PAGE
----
Monday, March 31, 2014

Study: Are Drug Screens Sufficient for Adolescent Treatment?

Could it be that we are missing something when it comes to treating adolescents with a substance use disorder? According to a study in the most recent edition of the Journal of Studies on Alcohol Drugs, if you aren't using drug screens when treating this population, the answer is likely "Yes".
In the article, Schuler, et al. looked at data from SAMHSA's CSAT 2007 adolescent treatment database, which tracks outcomes for CSAT-sponsored providers. The total sample consisted of 5,186 adolescents who received either Motivational Enhancement Therapy/Cognitive Behavioral Therapy5 (MET/CBT5) - with or without biological drug screen (BDS) - or were part of the BDS-only or No-Treatment groups within another study. Below is a breakdown of the subjects:

All participants responded to the GAIN structured clinical interview, so scores on the Substance Use Frequency Scale and Substance Problem Scale were the primary outcomes measured. Propensity score methods were used to adjust for baseline differences among youth in the four groups, given the non-randomized nature of the data. The results are striking:

The BDS-only condition seemed to outperform all groups at baseline, 3-, 6- and 12-months on Substance Problem Scale scores and at 6- and 12-months on Substance Frequency Scale scores.
What could account for the significant differences? The authors point out that many adolescents who are involved in treatment and/or the criminal justice system may earn rewards for negative drug screens - or face significant consequences for positive screens. Therefore, the self-report nature of the data could skew the results. That would not necessarily explain the consistent differences across groups, however.

What do you think about these results? If you work with adolescents, does this surprise you? Could evidence like this impact the interventions you use?

Friday, March 21, 2014

What Aren't More Docs Prescribing Buprenorphine?

On the heels of recent coverage over the "dangers" of the medication buprenorphine, researchers are seeking to better understand what keeps doctors from using one of the two the most effective tools for opioid use disorders at their disposal. The most recent study, "Barriers to Primary Care Physicians Prescribing Buprenorphine", was published in the Annals of Family Medicine and is available in-full online - for free. The study came out of the Rural Opioid Addiction Management in Washington state, during which 120 physicians were trained in opioid addiction and buprenorphine prescribing. Disappointingly, of the 78 respondents who were analyzed for the study, 50 went on to obtain a DATA waiver, yet a mere 22 doctors ever went on to prescribe the medication to anyone. It begs the question: why aren't more docs prescribing buprenorphine?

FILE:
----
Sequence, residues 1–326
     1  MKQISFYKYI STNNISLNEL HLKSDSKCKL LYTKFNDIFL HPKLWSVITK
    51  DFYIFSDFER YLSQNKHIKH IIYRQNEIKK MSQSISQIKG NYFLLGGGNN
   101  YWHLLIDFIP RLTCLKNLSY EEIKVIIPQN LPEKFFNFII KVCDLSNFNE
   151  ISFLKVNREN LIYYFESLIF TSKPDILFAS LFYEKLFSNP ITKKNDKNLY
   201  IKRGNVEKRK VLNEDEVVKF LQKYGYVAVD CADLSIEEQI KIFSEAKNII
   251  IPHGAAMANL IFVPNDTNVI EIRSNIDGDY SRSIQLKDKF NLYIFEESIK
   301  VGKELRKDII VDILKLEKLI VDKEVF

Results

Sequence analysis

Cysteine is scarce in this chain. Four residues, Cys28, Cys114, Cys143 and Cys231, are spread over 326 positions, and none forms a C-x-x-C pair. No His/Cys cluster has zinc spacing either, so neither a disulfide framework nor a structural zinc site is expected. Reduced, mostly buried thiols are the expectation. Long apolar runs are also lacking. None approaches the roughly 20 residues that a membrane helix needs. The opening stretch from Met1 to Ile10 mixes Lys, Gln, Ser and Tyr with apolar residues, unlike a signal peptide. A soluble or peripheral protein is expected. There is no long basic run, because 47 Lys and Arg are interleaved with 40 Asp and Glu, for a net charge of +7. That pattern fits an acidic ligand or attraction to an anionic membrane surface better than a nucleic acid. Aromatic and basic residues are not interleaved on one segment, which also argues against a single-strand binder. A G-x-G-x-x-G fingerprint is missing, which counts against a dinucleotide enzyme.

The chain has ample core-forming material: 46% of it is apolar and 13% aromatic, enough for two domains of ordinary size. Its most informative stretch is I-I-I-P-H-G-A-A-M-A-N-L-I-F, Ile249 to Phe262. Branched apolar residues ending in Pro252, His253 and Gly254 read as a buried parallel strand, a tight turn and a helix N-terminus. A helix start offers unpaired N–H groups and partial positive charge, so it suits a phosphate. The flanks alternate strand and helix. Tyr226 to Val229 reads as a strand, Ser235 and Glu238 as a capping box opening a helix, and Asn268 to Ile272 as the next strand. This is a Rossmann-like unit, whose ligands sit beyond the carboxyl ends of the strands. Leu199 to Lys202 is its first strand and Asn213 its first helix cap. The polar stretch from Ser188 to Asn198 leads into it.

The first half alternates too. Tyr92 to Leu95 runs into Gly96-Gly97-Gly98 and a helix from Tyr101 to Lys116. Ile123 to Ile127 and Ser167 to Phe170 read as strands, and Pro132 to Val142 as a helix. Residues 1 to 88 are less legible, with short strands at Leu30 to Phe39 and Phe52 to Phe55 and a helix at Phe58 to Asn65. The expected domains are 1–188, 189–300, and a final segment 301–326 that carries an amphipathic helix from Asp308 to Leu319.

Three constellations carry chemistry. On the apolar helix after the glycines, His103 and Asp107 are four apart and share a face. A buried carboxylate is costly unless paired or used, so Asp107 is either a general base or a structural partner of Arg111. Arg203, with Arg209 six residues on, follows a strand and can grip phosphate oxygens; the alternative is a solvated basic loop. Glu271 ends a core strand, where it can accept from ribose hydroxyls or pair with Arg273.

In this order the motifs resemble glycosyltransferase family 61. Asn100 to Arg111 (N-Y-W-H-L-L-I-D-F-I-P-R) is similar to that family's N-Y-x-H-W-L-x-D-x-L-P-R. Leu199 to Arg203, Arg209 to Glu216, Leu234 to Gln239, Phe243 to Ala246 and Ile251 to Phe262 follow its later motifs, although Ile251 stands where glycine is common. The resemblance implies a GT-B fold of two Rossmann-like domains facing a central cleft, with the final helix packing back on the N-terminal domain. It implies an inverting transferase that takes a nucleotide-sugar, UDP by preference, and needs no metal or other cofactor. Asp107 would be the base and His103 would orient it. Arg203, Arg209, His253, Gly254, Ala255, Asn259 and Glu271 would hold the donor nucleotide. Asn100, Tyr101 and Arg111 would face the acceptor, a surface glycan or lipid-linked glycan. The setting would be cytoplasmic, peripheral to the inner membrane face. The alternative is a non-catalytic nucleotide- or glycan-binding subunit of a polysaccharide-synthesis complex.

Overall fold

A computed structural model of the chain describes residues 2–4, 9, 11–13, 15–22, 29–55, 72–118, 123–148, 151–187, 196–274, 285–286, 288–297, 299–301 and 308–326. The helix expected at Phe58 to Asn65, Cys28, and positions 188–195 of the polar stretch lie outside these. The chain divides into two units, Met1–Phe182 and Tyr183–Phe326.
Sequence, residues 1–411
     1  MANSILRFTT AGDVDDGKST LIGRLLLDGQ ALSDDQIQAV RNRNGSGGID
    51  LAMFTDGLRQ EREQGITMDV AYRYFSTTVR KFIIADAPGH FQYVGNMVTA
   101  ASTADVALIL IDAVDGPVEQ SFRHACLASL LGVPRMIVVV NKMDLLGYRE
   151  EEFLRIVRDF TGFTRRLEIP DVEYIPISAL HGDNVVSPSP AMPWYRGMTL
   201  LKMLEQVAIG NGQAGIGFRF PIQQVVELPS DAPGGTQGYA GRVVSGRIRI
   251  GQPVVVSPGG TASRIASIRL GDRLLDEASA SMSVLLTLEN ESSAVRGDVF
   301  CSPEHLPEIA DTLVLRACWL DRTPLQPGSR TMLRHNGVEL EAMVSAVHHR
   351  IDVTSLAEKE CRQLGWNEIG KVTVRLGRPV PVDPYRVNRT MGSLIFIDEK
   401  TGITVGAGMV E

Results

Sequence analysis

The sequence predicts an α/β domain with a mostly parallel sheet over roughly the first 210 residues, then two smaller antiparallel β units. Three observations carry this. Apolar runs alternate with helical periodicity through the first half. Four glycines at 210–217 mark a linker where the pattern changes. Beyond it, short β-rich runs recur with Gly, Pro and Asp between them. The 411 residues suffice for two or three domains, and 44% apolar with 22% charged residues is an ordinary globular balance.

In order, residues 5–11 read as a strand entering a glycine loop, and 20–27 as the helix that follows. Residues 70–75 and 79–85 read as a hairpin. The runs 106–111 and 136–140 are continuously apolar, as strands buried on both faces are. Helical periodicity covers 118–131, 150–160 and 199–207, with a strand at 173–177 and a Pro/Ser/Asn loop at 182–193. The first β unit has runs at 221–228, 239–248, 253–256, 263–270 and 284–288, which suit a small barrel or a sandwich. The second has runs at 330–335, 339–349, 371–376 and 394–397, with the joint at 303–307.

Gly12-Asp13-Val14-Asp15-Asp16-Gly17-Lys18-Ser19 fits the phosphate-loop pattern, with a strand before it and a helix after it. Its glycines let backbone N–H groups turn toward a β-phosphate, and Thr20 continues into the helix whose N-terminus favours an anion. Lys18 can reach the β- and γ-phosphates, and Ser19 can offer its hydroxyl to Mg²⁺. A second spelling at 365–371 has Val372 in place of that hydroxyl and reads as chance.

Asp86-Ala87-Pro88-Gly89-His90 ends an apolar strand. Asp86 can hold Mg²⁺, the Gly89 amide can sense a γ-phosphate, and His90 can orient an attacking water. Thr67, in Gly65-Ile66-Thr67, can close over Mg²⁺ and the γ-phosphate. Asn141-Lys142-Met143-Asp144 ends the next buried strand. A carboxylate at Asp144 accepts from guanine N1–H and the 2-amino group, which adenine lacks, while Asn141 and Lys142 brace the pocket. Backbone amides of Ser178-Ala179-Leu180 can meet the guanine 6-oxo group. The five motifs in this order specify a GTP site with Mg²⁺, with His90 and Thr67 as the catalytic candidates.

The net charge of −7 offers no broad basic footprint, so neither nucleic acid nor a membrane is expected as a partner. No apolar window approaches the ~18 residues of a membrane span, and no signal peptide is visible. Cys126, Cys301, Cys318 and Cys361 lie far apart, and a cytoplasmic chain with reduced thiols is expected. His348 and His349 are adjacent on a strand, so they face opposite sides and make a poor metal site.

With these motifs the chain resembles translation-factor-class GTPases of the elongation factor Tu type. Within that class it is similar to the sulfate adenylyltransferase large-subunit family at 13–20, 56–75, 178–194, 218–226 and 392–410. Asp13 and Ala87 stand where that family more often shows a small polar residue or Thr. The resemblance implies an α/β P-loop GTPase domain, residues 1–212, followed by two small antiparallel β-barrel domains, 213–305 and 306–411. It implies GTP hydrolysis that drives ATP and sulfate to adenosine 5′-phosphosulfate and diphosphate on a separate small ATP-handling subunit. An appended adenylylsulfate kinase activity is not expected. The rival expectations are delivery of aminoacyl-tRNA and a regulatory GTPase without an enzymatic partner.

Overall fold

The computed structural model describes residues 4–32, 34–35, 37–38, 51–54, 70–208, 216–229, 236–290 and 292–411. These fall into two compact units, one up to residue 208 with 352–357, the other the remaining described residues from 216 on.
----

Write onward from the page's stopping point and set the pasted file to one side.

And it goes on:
Here's the breakdown from the piece of perceived barriers to prescribing:

Among the barriers cited by the doctors in the study, "Lack of psychosocial support" was cited as the number one barrier by both prescribers and non-prescribers, despite the lack of evidence that behavioral adjuncts or additional counseling improve outcomes. (Granted, the authors point out that in order to get reimbursed by a number of payers, additional counseling must be offered to patients.)

A quick scan across the literature leads us to another important and common driver of physician attitudes toward this medication: institutional support. It appears that study after study cite the impact of the hospital/clinic/practice culture on the subsequent interest. training and prescription of buprenorphine by its docs. In the present study, "resistance from practice partners" and "lack of institutional support" were commonly cited as barriers. A recent article from the March issue of the Journal of Substance Abuse Treatment described how important "A strong leader championing the new treatment" was to the implementation of buprenorphine prescribing across a large system. 

What do you think? How can we be more effective at impacting change at the prescriber level? If culture plays an important role, how do we improve the culture around this proven tool?

Monday, March 17, 2014

Is Addiction Always Permanent?

Recently, a colleague challenged what he perceived to be my "insistence that addiction is permanent." Here is my reply:

Dear John (not his real name):

As you know, I'm well aware of the studies regarding the life course of people who at some point in their lives meet dxic criteria for a SUD. And also, as you are aware, I've been talking about that, and therefore the need to have a wider continuum of care and to individualize approaches to SUDs for at least 10 years. In my presentation, Alcoholism Isn't What It Used to Be, which you frequently reference, I point out that 20 years after onset of DSM IV Alcohol Dependence, the most common outcome is low-risk drinking (40%), followed by abstinence (roughly 1/3), partial remission (about 20%) and then finally currently dependent (8%). So I'm not sure what the basis is for concluding that I have made blanket statements about ALL addicts in ALL circumstances.
What I do believe, and here I think the science and epidemiology are equally persuasive, is that in the case of severe addiction, there are brain neuroadaptations that are irreversible. For example, the likelihood of achieving non-abstinent recovery is inversely related to the severity of alcohol dependence. Conversely, abstinent outcomes become more likely as severity increases. This is as true in rodents as in humans. Since rehab and AA are populated almost exclusively by people at the very severe end of the spectrum, the likelihood of sustained non-abstinent recovery for current treatment seekers or AA members is relatively low. Thus, the AA stance is accurate for most AA members. Severity of dependence is the strongest predictor of AA affiliation, especially long-term affiliation, as opposed to a few weeks or months after a spell in rehab. Established heroin or other opioid addiction is another example; thus buprenorphine and methadone maintenance and the virtually complete failure of abstinence (or moderation) for treatment seekers. Those who could stop on the their own do so and therefore do not present for tx. That, of course, is a function of the awfulness, expense, stigmatization and disruption most current treatment includes.
At Alltyr Clinic, for example, I have seen many pts who come with a mild AUD who achieve non-abstinent recovery.